Bush aims to redirect focus on stump amid Kerry gains

He plans sharper critique as foe seizes on remarks about Iraq troop strength

October 06, 2004|By Matea Gold and Edwin Chen | Matea Gold and Edwin Chen,LOS ANGELES TIMES

WASHINGTON - President Bush, facing a new report on Saddam Hussein's weapons programs, criticism from the former civilian administrator for Iraq and new attacks from Sen. John Kerry, will aim to redirect the campaign debate today as he gives an abruptly scheduled speech in Pennsylvania on terrorism and the economy.

The last-minute schedule change was made as Kerry, the Democratic nominee for president, has gained in some public opinion surveys after last week's presidential debate.

The Bush campaign has long argued that Kerry has "flip-flopped" on support for the Iraq war, the USA Patriot Act and the No Child Left Behind education law, among other issues. But Bush is expected to argue today that Kerry's alleged vacillating has ultimately landed him in the wrong place on many policies, said a senior Republican strategist familiar with White House thinking.

The speech was still subject to late changes, but the president planned to offer a sharper critique of his opponent's policy positions with the goal of shifting the campaign focus away from Bush and back onto Kerry, the strategist said. "It's a pivot away from `flip-flop' to the content of Kerry's record, both on foreign policy and domestic policy," the strategist said.

Bush's speech also comes as the White House is seeking to put its cast on developments that have raised new questions about the administration's record regarding Iraq. Yesterday, Kerry seized on the news that L. Paul Bremer III, the Bush administration's former civilian administrator for Iraq, told private audiences that the United States, after deposing Hussein's regime in Iraq, did not send enough troops there to establish security and end looting.

"We paid a big price for not stopping it because it established an atmosphere of lawlessness," Bremer said Monday at an insurance conference in West Virginia. "We never had enough troops on the ground."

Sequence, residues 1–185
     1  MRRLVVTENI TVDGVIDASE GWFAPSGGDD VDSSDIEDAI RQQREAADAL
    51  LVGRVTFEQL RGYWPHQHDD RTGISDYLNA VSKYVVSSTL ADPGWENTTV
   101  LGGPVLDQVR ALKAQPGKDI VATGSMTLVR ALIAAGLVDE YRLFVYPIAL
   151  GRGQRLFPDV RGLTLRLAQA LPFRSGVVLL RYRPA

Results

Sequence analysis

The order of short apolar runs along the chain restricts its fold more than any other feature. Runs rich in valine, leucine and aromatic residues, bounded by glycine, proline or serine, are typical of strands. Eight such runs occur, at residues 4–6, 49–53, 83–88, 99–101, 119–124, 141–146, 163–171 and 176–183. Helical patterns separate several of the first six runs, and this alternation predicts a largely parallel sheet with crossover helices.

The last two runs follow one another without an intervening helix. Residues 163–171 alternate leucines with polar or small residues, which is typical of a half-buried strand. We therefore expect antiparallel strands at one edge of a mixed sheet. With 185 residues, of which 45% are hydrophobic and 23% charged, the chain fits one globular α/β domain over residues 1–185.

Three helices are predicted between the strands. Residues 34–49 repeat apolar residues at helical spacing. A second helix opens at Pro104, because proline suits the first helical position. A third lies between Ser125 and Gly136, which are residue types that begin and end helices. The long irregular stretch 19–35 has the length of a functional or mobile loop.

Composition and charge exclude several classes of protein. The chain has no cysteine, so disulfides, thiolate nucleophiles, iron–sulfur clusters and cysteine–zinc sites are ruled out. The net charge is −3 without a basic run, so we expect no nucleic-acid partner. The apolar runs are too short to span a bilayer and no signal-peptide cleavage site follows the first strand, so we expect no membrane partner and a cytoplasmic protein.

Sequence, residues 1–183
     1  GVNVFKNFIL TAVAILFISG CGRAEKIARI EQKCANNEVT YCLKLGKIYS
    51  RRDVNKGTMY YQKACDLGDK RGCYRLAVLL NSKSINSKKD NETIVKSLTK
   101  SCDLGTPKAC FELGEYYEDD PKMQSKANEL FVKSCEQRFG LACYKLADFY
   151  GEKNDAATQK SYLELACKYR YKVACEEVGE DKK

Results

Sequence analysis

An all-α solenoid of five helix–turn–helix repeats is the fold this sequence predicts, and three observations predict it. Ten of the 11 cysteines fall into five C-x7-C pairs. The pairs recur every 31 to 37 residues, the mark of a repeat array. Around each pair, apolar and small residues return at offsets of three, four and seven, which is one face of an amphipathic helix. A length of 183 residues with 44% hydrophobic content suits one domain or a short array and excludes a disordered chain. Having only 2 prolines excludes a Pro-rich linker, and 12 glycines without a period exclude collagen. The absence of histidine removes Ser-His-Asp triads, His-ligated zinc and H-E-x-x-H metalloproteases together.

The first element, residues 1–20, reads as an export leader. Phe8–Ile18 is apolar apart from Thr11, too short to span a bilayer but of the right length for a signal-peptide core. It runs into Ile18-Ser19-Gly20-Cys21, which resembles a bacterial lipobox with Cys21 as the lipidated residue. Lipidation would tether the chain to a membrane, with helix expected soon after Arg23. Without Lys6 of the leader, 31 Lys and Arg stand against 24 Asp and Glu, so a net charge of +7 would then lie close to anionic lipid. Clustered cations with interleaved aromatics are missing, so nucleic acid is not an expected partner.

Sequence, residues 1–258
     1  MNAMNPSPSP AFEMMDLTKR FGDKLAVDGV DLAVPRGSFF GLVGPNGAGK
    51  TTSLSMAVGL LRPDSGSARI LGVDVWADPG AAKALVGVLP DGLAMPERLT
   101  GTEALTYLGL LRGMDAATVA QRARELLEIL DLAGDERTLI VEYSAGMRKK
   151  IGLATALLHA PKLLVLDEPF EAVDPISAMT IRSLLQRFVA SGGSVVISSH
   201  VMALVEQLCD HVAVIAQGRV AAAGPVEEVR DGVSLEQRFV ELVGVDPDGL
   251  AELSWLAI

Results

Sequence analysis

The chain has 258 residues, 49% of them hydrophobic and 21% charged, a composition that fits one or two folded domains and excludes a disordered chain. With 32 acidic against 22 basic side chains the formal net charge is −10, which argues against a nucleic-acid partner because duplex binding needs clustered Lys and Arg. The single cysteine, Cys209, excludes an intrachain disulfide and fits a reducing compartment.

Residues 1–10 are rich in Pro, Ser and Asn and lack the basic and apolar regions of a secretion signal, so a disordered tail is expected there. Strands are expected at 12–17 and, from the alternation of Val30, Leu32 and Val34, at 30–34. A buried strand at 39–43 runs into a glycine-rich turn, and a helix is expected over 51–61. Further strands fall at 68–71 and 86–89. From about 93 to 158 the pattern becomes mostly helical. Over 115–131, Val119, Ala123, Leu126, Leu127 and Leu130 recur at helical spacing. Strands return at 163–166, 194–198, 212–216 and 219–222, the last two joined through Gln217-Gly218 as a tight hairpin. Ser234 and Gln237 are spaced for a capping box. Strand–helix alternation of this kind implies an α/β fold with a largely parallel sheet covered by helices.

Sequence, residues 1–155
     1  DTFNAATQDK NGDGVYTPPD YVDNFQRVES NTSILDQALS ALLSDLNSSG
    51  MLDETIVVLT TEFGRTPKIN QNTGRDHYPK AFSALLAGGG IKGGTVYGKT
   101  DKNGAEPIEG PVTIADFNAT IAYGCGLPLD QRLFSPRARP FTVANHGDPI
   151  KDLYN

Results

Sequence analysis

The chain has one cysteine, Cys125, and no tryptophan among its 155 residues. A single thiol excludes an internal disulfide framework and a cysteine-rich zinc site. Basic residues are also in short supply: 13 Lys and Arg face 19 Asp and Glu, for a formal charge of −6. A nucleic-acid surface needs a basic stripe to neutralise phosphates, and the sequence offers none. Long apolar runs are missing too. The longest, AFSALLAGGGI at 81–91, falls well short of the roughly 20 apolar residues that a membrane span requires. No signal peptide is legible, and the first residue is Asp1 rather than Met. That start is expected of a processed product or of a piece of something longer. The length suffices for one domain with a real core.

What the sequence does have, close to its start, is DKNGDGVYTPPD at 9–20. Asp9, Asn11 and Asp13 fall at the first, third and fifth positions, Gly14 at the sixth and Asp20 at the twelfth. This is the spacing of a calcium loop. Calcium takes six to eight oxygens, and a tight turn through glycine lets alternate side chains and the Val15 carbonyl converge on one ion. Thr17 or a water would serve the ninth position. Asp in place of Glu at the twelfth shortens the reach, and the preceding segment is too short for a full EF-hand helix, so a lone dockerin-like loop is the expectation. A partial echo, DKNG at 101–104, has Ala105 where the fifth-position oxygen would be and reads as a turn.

Bremer's comments were first reported by The Washington Post.

Kerry repeatedly has said that Bush failed to send enough troops to Iraq and that he "rushed to war without planning for what happens afterward." Yesterday, he pointed to Bremer's comments to boost his argument.

"For weeks, I've been asking the president of the United States to level with the American people and to be candid about the situation in Iraq and about what we face," Kerry told reporters outside a middle school in Tipton, Iowa.

"Maybe he's simply unwilling to face the truth and to share it with the American people. But the president's stubbornness has prevented him from seeing each step of the way the difficulties, and the ways in which we best protect our troops and best accomplish this mission," Kerry said.

The White House and the Bush campaign deflected questions about Bremer's statements, saying that the president always looked to his military commanders and to Defense Secretary Donald H. Rumsfeld on troop needs.

Rumsfeld ignited another brush fire Monday, saying he knew of no "strong, hard evidence" linking al-Qaida and Hussein. He later backed off the statement and said he was misunderstood.

The president's speech today in Wilkes-Barre, Pa., comes on the same day a report will be made public by the senior U.S. weapons inspector in Iraq that is expected to give both Bush and Kerry material to fuel their campaigns.

Officials have said the report will say that arms inspectors found no evidence that Baghdad produced chemical or biological weapons after 1991 or resumed its nuclear arms program. Those conclusions could allow Kerry to argue that Bush's rationale for invading Iraq is further discredited.

But the report, by Charles A. Duelfer, head of the CIA-run Iraq Survey Group, also is expected to note indications that Hussein intended to resume illicit weapons programs if freed from United Nations inspections and trade sanctions - allowing Bush to argue that the former dictator was indeed a threat.

Kerry also disputed Bush's oft-repeated contention that Kerry, as a senator, had access to the same intelligence that the president did before the war. Kerry pointed to a recent report in The New York Times that the administration did not reveal doubts about some of its prewar intelligence.

He said the administration "presented to the American people evidence of the intelligence of this alleged nuclear program ... as a `slam-dunk.' That's how they presented to us - not, as we are now learning, as this highly controversial, highly questioned, very skeptical presentation that we're now learning about."

The Associated Press contributed to this article. The Los Angeles Times is a Tribune Publishing newspaper.

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